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Japan's justice chief steps down over donations, gangster ties

Publication Date : 24-10-2012


Japan's Justice Minister Keishu Tanaka submitted his resignation to Prime Minister Yoshihiko Noda on Tuesday, just three weeks after the scandal-tainted minister assumed the post in a Cabinet reshuffle.

Noda accepted Tanaka's resignation, which said the minister could not fulfill his responsibilities due to "poor health".

Later Tuesday, the prime minister appointed Tadamasa Kodaira, chairman of the National Public Safety Commission, as acting justice minister.

Noda is expected to face a hard time steering Diet proceedings when an extraordinary Diet session is convened Monday, as opposition parties are likely to attack the prime minister for appointing Tanaka.

Soon after assuming the post of justice minister October 1, Tanaka was hit with revelations about donations from a foreign national and past connections with an organised crime syndicate. With the pressure mounting, Tanaka was absent from a session of the House of Councillors Audit Committee on Thursday, where his attendance was sought by the opposition.

Tanaka, 74, took responsibility for these issues by resigning. However, his resignation has been widely viewed as a de facto dismissal.

During a Cabinet meeting Tuesday morning, Noda said it was "very regrettable" Tanaka had to resign "because he requires continued medical treatment".

At a press conference, Chief Cabinet Secretary Osamu Fujimura said he did not think Tanaka's resignation would call into question Noda's appointment of him.

"It's beyond our control if he resigns for health reasons," Fujimura said.

In a statement released the same day, Tanaka said his health would not allow him to fulfill his duty as justice minister.

"It's unbearable to think I would cause trouble to people's livelihood and not fulfill such duties as judicial administration and Diet deliberations due to my health," the statement said. "Therefore, I've made up my mind to resign. I am extremely sorry about this."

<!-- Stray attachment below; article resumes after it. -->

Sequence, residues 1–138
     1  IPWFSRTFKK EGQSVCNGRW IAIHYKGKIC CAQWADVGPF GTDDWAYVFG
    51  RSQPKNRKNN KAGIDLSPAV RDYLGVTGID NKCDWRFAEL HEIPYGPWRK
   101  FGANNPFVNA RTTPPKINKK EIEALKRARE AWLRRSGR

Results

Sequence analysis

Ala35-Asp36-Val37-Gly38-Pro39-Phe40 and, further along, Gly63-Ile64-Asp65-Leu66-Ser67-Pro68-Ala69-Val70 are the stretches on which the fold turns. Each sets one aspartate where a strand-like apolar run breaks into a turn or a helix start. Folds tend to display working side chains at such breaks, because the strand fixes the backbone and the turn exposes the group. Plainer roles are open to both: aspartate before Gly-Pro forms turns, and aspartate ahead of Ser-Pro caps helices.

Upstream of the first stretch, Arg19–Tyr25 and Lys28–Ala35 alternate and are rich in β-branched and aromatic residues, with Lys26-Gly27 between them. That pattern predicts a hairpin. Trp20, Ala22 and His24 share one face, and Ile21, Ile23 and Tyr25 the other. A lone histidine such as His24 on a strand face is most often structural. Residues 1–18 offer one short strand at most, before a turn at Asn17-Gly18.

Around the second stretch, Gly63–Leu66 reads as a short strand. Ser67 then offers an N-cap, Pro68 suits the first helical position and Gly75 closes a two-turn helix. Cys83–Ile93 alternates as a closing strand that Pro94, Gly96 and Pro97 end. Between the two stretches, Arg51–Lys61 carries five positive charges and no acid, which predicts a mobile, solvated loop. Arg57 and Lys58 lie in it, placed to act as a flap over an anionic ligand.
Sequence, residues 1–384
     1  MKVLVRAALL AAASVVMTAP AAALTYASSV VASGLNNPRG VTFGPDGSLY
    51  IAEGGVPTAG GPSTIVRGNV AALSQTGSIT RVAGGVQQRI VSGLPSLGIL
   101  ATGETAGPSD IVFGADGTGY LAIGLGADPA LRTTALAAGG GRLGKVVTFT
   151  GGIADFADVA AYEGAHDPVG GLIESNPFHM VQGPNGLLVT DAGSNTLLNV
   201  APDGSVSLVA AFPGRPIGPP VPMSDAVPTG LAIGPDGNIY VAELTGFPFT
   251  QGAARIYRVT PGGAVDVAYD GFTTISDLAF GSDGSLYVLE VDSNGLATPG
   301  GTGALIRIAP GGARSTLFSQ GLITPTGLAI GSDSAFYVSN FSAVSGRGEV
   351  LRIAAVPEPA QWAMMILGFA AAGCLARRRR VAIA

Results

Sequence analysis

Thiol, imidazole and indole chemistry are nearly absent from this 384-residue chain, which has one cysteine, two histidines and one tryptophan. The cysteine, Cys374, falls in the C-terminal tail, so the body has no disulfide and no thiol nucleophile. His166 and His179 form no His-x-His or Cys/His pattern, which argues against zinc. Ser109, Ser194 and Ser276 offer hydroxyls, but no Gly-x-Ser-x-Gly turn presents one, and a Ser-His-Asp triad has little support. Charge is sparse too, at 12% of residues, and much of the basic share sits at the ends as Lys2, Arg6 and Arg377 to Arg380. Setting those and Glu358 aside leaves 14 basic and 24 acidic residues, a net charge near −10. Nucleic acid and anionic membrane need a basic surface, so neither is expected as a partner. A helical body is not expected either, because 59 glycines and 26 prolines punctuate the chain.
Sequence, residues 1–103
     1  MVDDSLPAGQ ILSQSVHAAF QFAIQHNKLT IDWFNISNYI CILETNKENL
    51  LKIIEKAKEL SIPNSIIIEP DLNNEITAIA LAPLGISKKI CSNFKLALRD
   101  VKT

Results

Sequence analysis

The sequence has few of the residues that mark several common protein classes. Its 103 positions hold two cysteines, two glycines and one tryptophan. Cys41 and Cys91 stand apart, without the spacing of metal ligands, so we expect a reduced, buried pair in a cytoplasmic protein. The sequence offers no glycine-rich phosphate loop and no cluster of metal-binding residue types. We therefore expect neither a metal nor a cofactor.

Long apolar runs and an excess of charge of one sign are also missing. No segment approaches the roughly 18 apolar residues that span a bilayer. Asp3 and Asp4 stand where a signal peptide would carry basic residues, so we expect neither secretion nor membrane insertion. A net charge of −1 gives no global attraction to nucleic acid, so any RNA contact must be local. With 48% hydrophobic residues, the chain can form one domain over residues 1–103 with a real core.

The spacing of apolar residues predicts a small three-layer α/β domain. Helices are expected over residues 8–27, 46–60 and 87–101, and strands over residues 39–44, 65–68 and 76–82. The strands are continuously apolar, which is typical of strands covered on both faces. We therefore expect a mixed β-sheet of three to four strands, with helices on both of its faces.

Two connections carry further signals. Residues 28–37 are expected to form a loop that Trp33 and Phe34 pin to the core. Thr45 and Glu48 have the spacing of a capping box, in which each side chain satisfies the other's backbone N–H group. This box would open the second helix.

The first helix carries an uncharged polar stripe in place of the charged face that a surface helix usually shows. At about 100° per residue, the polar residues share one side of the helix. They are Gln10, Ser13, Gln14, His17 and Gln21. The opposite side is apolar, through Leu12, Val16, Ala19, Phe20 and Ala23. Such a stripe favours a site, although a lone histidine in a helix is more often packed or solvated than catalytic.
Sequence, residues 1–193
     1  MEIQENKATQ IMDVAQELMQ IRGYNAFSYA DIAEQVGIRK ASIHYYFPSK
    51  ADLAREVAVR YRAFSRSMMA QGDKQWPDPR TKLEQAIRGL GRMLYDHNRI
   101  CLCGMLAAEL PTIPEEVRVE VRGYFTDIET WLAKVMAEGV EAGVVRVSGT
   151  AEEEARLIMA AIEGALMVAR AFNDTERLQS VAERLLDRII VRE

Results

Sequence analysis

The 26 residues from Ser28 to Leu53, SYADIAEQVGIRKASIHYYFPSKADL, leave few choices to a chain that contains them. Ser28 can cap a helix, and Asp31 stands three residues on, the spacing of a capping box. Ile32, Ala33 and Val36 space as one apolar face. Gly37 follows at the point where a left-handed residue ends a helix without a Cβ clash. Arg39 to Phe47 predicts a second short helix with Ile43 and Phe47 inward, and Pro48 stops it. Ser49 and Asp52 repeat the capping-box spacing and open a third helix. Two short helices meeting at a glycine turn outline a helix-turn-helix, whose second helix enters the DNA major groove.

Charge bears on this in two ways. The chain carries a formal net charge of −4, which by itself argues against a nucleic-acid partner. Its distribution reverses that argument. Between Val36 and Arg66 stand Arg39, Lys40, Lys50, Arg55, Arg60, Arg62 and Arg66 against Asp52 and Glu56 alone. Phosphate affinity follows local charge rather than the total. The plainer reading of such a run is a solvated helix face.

Tanaka cancelled a press conference scheduled for Tuesday, and did not show up at the Prime Minister's Office or the Justice Ministry. He was released from a Tokyo hospital Monday night, after being admitted Friday.

Liberal Democratic Party Secretary General Shigeru Ishiba said the main opposition party will question Noda over selecting Tanaka.

"Why did [Noda] choose an inappropriate person as justice minister?" Ishiba said at a press conference at LDP headquarters. "[Tanaka's] resignation doesn't mean the problems are over. The Noda administration isn't capable of running the government. The prime minister should take full responsibility for the appointment."

In addition to skipping Thursday's committee meeting due to pressing "official duties," Tanaka did not attend a Diet session the following day.

Opposition parties consider Tanaka's behaviour to have violated Article 63 of the Constitution, which stipulates Cabinet members must attend Diet deliberations "when their presence is required in order to give answers or explanations". They plan to pursue Tanaka's failure to fulfill his duty as justice minister, officials said.

After Tanaka assumed the post, it was revealed a branch of the Democratic Party of Japan he headed received 540,000 yen in donations from a company run by a Taiwanese living in Japan. Some observers have pointed out these donations violate the Political Funds Control Law, which prohibits politicians from receiving contributions from foreigners.

It also came to light that Tanaka once acted as a matchmaker for the son of a senior member of an organised crime group, and also attended a party hosted by another yakuza gang leader.

Tanaka is a six-time House of Representatives lawmaker elected from Kanagawa Constituency No. 5. He once led a group of DPJ members who belonged to the now-defunct Democratic Socialist Party.


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